Thursday 17 October 2019

Arrgh! Early Halloween Special - it's the Edit Letter!!!! by Tracy Darnton

One of the tough things about writing novels, as opposed to having a ‘proper job’, is that there are hardly any times when the manuscript is truly ‘off’ your desk. But the period between delivery of first draft and the editorial letter some weeks (or months) later is one such marvellous time when there is a true long-forgotten sense of having handed in your homework. You can spend this time either worried that a D Minus is on its way or (and I prefer this approach) living in blissful ignorant expectation that your editor is LOVING every last word of it. So absorbed are they, that it’s taking weeks to formulate their thoughts. 

This time round, the gap gave me a new lease of life and I spent this time usefully on inventive school workshops, admin (not so fun), fact-checking my research, writing three new picture book scripts, being a beta reader for a writer buddy, getting a bad cold (also not so fun), starting a new story, completing ten reviews, pitching a couple of articles and catching up with all my sadly- neglected friends. Happy days!

But then IT came. The edit letter. Plopped into the inbox on a Friday when I was feeling sorry for myself, dosed up on Lemsip and running a fever after too much wild tea drinking with friends. Uh oh.

When I received my edit letter on my debut novel, my agent sent me a reassuring email with ‘Don’t panic, don’t panic. This is perfectly normal!’ in the subject line. She must think I am sufficiently grown-up this time round to not need one. I hope she’s right.

So I could have been that mature, grown-up author and read the letter there and then – OR – and, reader don’t judge me, I could have looked at the covering email, taken comfort at the sentence including “we absolutely loved it” and stopped right there without reading the six pages of ‘but’s and suggestions until I felt better.

Worse, I could delegate the reading of said edit letter to my offspring packing to go back to uni and childishly get him to read it for me. And then try to read his body language when he tells me not to worry – it’s all achievable. 

What does that mean exactly… “achievable”? Hmm. And what does he know? More Lemsip, more strepsils.

Two days later, fever gone, I start the first-stage process of reading it by washing the shower curtain and clearing out a bookcase. I tidy my desk. I make a cup of tea. I brace myself. I read the letter.

Before I was an author, I thought that the editor would send a list headed How to fix your book. A useful list numbered 1-5, 10 at a push. All I’d have to do is tick my way through said list – changing a word here and there, striking out that troublesome scene in the cable car etc etc. But I have news for any non-published writers: editors don’t do that.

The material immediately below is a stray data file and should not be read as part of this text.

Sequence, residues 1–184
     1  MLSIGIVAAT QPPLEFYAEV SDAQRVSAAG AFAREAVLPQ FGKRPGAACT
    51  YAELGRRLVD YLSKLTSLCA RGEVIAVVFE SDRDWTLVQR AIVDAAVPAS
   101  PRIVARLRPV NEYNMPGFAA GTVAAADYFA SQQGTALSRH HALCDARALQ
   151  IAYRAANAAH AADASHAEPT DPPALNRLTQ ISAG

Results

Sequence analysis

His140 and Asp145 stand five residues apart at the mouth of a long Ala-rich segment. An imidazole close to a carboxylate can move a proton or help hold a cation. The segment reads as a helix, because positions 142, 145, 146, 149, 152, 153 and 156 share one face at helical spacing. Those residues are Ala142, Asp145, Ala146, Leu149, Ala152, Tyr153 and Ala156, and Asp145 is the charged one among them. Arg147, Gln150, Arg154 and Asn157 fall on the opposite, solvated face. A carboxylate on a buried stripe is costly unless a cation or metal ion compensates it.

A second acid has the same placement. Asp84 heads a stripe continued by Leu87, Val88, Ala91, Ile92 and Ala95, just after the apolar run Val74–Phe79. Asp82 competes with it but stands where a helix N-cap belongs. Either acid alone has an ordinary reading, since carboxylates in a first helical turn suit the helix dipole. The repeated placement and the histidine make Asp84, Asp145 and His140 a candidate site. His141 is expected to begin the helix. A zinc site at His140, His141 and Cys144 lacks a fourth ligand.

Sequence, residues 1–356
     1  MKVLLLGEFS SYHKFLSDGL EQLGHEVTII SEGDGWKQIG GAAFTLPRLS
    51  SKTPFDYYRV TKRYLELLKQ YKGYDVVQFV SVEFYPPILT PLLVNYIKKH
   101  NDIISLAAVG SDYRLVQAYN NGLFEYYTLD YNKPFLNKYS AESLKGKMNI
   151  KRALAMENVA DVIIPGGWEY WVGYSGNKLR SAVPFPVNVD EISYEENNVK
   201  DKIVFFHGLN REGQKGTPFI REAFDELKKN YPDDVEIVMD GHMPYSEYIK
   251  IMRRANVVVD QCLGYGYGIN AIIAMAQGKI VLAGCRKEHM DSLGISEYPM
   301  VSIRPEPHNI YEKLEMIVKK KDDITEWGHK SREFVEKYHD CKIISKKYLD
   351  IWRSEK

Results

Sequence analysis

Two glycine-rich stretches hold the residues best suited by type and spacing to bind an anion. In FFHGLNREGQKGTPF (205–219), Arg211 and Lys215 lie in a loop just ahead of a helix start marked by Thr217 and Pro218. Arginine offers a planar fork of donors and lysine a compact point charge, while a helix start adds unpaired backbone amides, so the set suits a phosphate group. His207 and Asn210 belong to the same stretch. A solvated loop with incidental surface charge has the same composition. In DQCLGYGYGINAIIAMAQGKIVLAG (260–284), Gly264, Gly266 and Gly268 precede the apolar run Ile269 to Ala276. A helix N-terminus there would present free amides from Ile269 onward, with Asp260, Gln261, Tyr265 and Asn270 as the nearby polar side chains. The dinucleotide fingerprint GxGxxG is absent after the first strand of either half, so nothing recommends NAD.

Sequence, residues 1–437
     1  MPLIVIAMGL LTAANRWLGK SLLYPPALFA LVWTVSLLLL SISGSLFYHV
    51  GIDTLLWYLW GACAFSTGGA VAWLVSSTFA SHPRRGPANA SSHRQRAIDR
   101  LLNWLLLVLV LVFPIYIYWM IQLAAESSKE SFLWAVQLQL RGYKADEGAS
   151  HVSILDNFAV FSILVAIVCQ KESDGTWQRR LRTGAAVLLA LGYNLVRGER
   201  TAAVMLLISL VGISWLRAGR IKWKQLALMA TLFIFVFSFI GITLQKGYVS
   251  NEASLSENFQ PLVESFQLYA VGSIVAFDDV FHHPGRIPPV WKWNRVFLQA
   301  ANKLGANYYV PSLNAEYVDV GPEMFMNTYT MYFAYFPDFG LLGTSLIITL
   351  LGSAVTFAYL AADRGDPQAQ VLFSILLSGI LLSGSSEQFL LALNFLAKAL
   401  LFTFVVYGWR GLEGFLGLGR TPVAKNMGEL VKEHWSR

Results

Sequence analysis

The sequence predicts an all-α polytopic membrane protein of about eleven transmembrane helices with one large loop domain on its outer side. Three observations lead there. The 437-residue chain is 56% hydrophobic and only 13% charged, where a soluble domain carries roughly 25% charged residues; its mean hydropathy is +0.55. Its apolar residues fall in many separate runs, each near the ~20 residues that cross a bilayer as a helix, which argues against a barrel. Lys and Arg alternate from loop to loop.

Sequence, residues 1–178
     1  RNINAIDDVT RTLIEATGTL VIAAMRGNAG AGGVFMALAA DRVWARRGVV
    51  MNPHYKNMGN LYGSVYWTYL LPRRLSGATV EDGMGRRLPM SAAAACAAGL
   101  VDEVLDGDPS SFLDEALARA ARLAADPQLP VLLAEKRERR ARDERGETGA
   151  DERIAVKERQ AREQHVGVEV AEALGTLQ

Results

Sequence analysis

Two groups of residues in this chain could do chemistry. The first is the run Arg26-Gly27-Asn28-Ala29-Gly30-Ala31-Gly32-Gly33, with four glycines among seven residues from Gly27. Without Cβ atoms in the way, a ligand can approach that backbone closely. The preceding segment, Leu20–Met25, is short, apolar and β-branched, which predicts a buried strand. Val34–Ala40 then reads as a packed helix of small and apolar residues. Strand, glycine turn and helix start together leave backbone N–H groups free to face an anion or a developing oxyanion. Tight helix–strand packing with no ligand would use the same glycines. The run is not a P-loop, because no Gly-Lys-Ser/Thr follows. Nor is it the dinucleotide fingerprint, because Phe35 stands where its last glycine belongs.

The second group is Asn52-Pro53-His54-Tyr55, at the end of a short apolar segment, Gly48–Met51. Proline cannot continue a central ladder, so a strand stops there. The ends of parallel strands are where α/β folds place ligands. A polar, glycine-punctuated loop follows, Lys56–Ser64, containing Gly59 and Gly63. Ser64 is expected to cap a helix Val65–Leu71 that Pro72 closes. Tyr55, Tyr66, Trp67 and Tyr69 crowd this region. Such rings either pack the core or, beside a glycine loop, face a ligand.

Editors ask questions. They zero in on the slightly woolly aspects of your plot or characterisation that you hoped you’d slipped past them (Curses!). Editors ask inconvenient questions. Editors make you think about your book and how to make it the best it can be.

I have a two-hour chat on the phone with my editor. She is kind, she is calm. She gives credit where credit’s due. She makes suggestions to make my book better, pushes me to explain what I was trying to do here or there … and patiently waits when I flounder.

We talk through my draft book club discussion questions which helps me to focus on the main threads of my book, the themes, the structure, characterisation.

I draw up an action plan of things to do, some for definite, some to try out and see what I think. My brain cogs slowly turn with possible solutions. Of course, I worry, as all writers do, that the pulling out of one thread will cause the fragile web of plot to fall away. But I’m fired up to try. The game is afoot.

I’m exhausted. I send an emergency text to my teenager walking home from school to bring me a packet of Twirl Bites. He doesn’t get the message but, on his return, kindly offers me a slightly sticky, solitary fruit pastille from his blazer pocket.

I take it. The edit letter trauma has made me eat a fluffy, second-hand fruit pastille. And that, in a nutshell, is what the edit letter is like.

Tracy Darnton is the author of The Truth About Lies which was shortlisted for the Waterstones Children’s Book Prize 2019.

She is currently editing The Rules out next year with Stripes. (It’s going better than expected).

You can follow Tracy on Twitter @TracyDarnton


Anne Booth said...

Gosh, this is a very accurate description of the terror of an edit letter - and the ending is brilliant. I think being driven to eat a fluffy fruit pastille sums it all up! How kind of your offspring though - just who you need at such a time!

Tracy Darnton said...

Thanks, Anne. Yes - there are a lot of tough moments in this author game!